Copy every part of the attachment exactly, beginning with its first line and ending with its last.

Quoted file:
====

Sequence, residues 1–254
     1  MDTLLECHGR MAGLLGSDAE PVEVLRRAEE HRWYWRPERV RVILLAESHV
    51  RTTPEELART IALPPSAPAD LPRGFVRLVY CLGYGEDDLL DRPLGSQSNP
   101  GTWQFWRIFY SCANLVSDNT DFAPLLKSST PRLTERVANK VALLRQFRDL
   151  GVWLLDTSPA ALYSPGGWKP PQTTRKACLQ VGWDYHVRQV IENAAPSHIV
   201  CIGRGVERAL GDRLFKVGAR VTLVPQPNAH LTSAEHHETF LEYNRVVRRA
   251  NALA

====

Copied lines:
Sequence, residues 1–254
     1  MDTLLECHGR MAGLLGSDAE PVEVLRRAEE HRWYWRPERV RVILLAESHV
    51  RTTPEELART IALPPSAPAD LPRGFVRLVY CLGYGEDDLL DRPLGSQSNP
   101  GTWQFWRIFY SCANLVSDNT DFAPLLKSST PRLTERVANK VALLRQFRDL
   151  GVWLLDTSPA ALYSPGGWKP PQTTRKACLQ VGWDYHVRQV IENAAPSHIV
   201  CIGRGVERAL GDRLFKVGAR VTLVPQPNAH LTSAEHHETF LEYNRVVRRA
   251  NALA